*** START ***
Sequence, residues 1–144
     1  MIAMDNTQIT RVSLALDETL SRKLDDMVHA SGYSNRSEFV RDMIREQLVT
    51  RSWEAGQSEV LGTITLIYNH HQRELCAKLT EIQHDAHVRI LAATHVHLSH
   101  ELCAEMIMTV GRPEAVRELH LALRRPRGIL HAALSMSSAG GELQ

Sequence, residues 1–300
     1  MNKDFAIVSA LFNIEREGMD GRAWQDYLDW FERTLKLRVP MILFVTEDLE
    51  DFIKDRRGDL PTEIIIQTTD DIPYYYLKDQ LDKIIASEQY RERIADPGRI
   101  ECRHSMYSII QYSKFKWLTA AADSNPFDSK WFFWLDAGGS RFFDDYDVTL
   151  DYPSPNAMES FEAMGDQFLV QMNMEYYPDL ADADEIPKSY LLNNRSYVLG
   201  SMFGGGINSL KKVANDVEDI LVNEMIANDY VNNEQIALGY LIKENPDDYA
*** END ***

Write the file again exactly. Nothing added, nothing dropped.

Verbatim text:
Sequence, residues 1–144
     1  MIAMDNTQIT RVSLALDETL SRKLDDMVHA SGYSNRSEFV RDMIREQLVT
    51  RSWEAGQSEV LGTITLIYNH HQRELCAKLT EIQHDAHVRI LAATHVHLSH
   101  ELCAEMIMTV GRPEAVRELH LALRRPRGIL HAALSMSSAG GELQ

Sequence, residues 1–300
     1  MNKDFAIVSA LFNIEREGMD GRAWQDYLDW FERTLKLRVP MILFVTEDLE
    51  DFIKDRRGDL PTEIIIQTTD DIPYYYLKDQ LDKIIASEQY RERIADPGRI
   101  ECRHSMYSII QYSKFKWLTA AADSNPFDSK WFFWLDAGGS RFFDDYDVTL
   151  DYPSPNAMES FEAMGDQFLV QMNMEYYPDL ADADEIPKSY LLNNRSYVLG
   201  SMFGGGINSL KKVANDVEDI LVNEMIANDY VNNEQIALGY LIKENPDDYA